Elon Musk, the world’s richest billionaire and self-proclaimed “Emperor of Mars,” has slammed a new measure introduced by US Democrats aimed at taxing the country’s wealthiest individuals to pay for healthcare, childcare, and combat climate change.
Musk, who sits on a fortune of about $275 billion, has slammed President Joe Biden’s planned 23.8 percent tax rate on all assets, claiming that it would not fully fund Biden’s “Build Back Better” program and will hinder Musk’s eventual objective of putting people on Mars.
Musk, of course, would not be the only one affected, but he has definitely made the most noise. In what is regarded to be a more equitable approach to taxing the affluent, the wealthiest 0.0005 percent of Americans would be targeted, including anybody who has made $100 million in three consecutive years or has over $1 billion in assets. This means that around 700 persons in the United States would face a tax hike on their wealth.
The way the tax is computed is the true kicker: billionaires would have to pay a 23.8 percent tax on all capital gains on tradeable assets. This would imply that billionaires would tax the market value of their assets every year, which would be a substantial upheaval in the tax system.
Previously, the total tax was computed when assets were sold, which resulted in many affluent people paying little to no taxes as their investments grew in value. According to a study provided by the White House last year, billionaires pay an average of only 8.2 percent income tax, compared to the top marginal income tax rate of 37 percent for the ordinary American.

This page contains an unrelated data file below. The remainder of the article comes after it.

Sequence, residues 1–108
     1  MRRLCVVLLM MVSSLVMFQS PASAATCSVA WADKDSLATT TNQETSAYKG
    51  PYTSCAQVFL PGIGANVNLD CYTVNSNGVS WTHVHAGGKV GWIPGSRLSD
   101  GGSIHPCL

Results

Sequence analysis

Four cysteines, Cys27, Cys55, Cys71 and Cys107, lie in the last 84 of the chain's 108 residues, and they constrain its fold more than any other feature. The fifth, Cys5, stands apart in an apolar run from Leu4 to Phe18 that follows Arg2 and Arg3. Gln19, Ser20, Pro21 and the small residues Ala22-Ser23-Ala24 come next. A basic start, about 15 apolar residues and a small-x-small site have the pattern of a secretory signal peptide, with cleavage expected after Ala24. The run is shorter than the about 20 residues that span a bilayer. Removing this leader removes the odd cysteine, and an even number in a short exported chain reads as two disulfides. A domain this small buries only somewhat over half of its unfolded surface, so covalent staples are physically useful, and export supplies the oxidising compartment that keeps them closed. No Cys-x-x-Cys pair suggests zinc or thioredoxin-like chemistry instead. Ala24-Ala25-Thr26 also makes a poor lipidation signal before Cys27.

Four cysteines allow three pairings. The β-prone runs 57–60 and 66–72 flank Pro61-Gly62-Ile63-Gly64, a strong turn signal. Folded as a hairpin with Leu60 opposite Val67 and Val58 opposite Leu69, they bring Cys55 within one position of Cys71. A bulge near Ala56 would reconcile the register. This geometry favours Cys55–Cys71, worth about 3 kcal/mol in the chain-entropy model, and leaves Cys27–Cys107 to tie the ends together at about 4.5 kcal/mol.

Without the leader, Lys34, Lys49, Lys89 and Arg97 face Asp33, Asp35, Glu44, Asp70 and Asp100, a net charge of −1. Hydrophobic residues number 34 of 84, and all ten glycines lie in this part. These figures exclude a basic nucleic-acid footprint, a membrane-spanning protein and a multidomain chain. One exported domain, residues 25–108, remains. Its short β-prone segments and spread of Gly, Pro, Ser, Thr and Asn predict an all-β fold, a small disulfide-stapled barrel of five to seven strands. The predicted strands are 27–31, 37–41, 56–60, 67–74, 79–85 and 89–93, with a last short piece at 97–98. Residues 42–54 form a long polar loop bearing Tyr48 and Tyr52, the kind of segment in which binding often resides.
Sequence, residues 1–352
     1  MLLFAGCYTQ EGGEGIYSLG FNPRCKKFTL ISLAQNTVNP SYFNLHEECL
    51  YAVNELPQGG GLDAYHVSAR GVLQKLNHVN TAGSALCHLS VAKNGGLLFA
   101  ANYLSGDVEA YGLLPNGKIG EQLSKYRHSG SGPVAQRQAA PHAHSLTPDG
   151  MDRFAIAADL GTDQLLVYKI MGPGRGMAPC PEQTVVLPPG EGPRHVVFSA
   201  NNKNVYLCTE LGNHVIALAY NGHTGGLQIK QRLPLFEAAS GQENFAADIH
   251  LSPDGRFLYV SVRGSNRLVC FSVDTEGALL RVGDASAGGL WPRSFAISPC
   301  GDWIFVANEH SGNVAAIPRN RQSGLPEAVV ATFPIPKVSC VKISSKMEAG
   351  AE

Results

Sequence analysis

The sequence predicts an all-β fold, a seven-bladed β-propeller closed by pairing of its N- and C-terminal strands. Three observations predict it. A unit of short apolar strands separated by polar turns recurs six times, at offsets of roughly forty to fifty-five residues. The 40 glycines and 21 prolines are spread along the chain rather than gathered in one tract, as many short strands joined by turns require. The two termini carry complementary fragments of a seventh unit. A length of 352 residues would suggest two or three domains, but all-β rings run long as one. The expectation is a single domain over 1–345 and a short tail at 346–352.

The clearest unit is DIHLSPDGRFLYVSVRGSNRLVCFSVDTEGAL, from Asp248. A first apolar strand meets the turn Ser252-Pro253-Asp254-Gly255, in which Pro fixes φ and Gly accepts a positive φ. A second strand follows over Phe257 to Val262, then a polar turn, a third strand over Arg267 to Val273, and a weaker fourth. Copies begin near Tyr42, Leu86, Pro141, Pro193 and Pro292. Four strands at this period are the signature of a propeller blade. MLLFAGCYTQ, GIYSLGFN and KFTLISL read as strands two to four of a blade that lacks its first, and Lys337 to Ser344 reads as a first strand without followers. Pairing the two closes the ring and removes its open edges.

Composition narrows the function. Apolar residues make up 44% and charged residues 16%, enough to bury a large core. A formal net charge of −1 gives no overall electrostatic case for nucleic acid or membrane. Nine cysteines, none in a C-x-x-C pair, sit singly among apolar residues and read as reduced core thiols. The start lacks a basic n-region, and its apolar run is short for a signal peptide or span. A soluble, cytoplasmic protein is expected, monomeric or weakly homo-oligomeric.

According to the Washington Post, the tax reform would result in Musk, Jeff Bezos, and others paying large sums of money. Musk, who recently surpassed Bezos to grab the top place on the wealthy list, would pay as much as $50 billion in taxes in the first five years, while Bezos would pay roughly $44 billion, explaining why the Twitter rant has begun.
Elon Musk’s Twitter account suggests that he would better spend the money. Musk said that he wanted to utilize it to “transport mankind to Mars” and “preserve the light of human awareness” when confronted with the possible losses (whatever that means). The plan has sparked debate on both sides, with some arguing that it is past time for billionaires to pay their fair part, while others argue that the tax would not cover the required amounts and that the wealthy’s generous efforts are sufficient.